For that reason, we made the leap to Google Cloud Platform (GCP) in July 2017 to give ourselves greater flexibility. Calling it a “leap” makes it sound impulsive, but the transition actually took months of planning. And no matter how long we spent projecting resource usage within Google Compute Engine, we never would have predicted our increased throughput. Due to GCP’s default microarchitecture, Haswell, we noticed an immediate performance increase across our CPU-intensive workloads, namely source map processing. The operations team spent the next few weeks making conservative reductions in our infrastructure, and still managed to cut our costs by roughly 20%. No fancy cloud technology, no giant infrastructure undertaking -- just new rocks that were better at math.
You can find way more detail about it on the Google Cloud Platform Blog.
A big reason we can sustain Sentry is that it falls into a category of observability tooling that requires a non-trivial amount of resources to host. We run Sentry ourselves because we’ve gotten pretty good at it. We rely on Sentry to track errors in our production app and help us set priorities for iteration, based on user experience and impact.
But when it comes to the rest of our monitoring stack, we apply the same thinking as the users signing up for Sentry’s hosted service every day: “It’s better to pay for uptime in dollars than in engineering hours.” (If you haven’t used Sentry’s hosted service, it only takes a couple minutes and a few lines of code to set up.)
We use a few toolchains outside of our production environment. I could write an essay detailing each (and I probably will), but let’s just outline how I would get notified that we’ve regressed in our 95th percentile of request latency:
We introduce every new employee with their own welcome gif
Our Engineering org is split into four teams in two programs: Product and Infrastructure. Their names do a pretty solid job describing their purposes, but:
Product is broken into the Workflow and Growth teams. Workflow focuses specifically on how our users interact with Sentry throughout their own workflows and development processes. Growth looks at the tweaks we can make that will increase the likelihood that a new user will find Sentry relevant, onboard effectively, and stick around to use it more and more.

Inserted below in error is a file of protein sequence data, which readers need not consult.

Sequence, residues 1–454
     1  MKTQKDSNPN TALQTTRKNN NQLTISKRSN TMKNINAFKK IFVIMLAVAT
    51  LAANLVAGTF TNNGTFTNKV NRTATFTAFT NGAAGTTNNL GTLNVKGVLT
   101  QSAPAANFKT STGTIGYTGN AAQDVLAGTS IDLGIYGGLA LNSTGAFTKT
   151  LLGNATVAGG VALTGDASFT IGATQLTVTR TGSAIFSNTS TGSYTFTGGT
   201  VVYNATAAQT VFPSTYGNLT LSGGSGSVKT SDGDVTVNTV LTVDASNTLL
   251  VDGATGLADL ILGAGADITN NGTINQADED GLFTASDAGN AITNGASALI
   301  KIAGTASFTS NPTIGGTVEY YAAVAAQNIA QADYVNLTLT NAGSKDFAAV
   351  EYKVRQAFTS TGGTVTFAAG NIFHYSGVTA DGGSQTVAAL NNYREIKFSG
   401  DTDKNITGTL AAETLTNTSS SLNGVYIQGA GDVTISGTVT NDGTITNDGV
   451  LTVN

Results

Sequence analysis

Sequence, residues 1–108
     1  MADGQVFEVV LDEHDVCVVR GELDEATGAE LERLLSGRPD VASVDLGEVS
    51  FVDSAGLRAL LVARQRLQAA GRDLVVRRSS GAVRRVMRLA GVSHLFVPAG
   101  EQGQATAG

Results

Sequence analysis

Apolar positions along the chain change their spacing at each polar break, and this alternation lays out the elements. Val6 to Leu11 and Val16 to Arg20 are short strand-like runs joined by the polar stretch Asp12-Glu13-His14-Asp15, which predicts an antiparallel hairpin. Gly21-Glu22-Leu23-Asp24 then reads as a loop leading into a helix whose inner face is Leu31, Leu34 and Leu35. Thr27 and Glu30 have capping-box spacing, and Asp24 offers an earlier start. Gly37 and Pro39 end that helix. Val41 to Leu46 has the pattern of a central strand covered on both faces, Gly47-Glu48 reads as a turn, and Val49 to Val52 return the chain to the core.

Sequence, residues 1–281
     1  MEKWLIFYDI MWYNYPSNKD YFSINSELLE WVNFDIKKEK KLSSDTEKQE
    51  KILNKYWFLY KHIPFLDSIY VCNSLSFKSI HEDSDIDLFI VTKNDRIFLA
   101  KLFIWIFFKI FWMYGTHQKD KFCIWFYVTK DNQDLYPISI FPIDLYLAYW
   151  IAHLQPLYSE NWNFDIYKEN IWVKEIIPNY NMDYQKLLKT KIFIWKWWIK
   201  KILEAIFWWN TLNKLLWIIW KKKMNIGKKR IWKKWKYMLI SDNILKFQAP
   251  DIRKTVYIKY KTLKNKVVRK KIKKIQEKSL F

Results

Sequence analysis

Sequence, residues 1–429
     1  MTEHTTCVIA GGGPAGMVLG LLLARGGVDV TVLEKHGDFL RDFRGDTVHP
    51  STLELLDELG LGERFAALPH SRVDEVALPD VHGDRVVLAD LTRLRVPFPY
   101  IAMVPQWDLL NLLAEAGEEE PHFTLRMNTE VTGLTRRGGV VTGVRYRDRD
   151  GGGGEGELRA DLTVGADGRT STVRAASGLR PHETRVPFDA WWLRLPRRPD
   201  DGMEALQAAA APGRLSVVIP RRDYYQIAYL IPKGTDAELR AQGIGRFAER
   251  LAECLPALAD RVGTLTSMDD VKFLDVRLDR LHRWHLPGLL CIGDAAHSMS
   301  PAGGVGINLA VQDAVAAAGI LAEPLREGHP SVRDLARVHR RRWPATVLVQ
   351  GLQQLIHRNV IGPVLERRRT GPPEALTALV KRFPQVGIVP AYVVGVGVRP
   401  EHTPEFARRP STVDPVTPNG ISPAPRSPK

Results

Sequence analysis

Infrastructure is broken into the Platform and Operations teams. Platform is dedicated to all of the Sentry code that powers our API, including event ingestion. Operations is where I live, and we’re dedicated to building, deploying, maintaining, and monitoring all of the components that keep sentry.io stable.
We also have an unofficial fifth team that plays a large part in Sentry’s development and will always outnumber the others: our open-source contributors. Sentry’s entire codebase is right on GitHub for the whole world to see, and many improvements to our service have been introduced by users and community members who don’t work here.
Just as Sentry is a part of many software teams’ stacks, we rely on a number of additional commercial and open-source services to help run our business. We use Stripe to handle customer billing, SendGrid for reliable email delivery, Slack for team communication, Google Analytics for basic web analytics, BigQuery for data warehousing, and Jira for project management.
Open source, open company. That’s our credo, and it really captures what we’re all about. As I mentioned earlier, I applied for a job at Sentry because it’s such a nice piece of software, and the people who run the company are mindful about the role of the community. Since everyone who works here is also a member of the open-source community, that mindfulness extends to and flows between employees.
Growth is inevitable here. The hard decision is not what to scale, but when. It’s the Operations team’s responsibility to put engineering hours into the right initiative and balance scale with security, reliability, and productivity. Maybe you want to make some of those hard decisions on my team?
Or maybe operations isn’t your thing, but you want to build something open-source. Want to contribute to Sentry beyond just code? We’re hiring pretty much across the organization and would love to talk to you if you’ve read this entire post and think you still might be as into Sentry as I am.